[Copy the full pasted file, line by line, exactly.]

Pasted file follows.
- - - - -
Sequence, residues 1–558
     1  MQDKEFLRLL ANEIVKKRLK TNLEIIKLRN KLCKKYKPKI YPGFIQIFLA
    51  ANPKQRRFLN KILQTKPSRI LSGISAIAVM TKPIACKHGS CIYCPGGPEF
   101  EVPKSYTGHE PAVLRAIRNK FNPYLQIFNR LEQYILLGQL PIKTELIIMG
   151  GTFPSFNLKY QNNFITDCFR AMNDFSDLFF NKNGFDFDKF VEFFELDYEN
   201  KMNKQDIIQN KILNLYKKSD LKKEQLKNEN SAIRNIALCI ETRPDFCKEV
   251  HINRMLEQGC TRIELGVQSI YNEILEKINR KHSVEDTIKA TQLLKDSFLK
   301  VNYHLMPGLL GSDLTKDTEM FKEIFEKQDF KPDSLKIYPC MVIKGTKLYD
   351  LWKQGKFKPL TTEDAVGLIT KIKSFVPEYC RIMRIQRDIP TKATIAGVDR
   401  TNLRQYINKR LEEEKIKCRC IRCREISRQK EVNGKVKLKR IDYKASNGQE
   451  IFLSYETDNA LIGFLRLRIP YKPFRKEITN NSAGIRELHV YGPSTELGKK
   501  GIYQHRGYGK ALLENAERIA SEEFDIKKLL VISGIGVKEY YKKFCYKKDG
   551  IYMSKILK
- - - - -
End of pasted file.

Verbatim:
Sequence, residues 1–558
     1  MQDKEFLRLL ANEIVKKRLK TNLEIIKLRN KLCKKYKPKI YPGFIQIFLA
    51  ANPKQRRFLN KILQTKPSRI LSGISAIAVM TKPIACKHGS CIYCPGGPEF
   101  EVPKSYTGHE PAVLRAIRNK FNPYLQIFNR LEQYILLGQL PIKTELIIMG
   151  GTFPSFNLKY QNNFITDCFR AMNDFSDLFF NKNGFDFDKF VEFFELDYEN
   201  KMNKQDIIQN KILNLYKKSD LKKEQLKNEN SAIRNIALCI ETRPDFCKEV
   251  HINRMLEQGC TRIELGVQSI YNEILEKINR KHSVEDTIKA TQLLKDSFLK
   301  VNYHLMPGLL GSDLTKDTEM FKEIFEKQDF KPDSLKIYPC MVIKGTKLYD
   351  LWKQGKFKPL TTEDAVGLIT KIKSFVPEYC RIMRIQRDIP TKATIAGVDR
   401  TNLRQYINKR LEEEKIKCRC IRCREISRQK EVNGKVKLKR IDYKASNGQE
   451  IFLSYETDNA LIGFLRLRIP YKPFRKEITN NSAGIRELHV YGPSTELGKK
   501  GIYQHRGYGK ALLENAERIA SEEFDIKKLL VISGIGVKEY YKKFCYKKDG
   551  IYMSKILK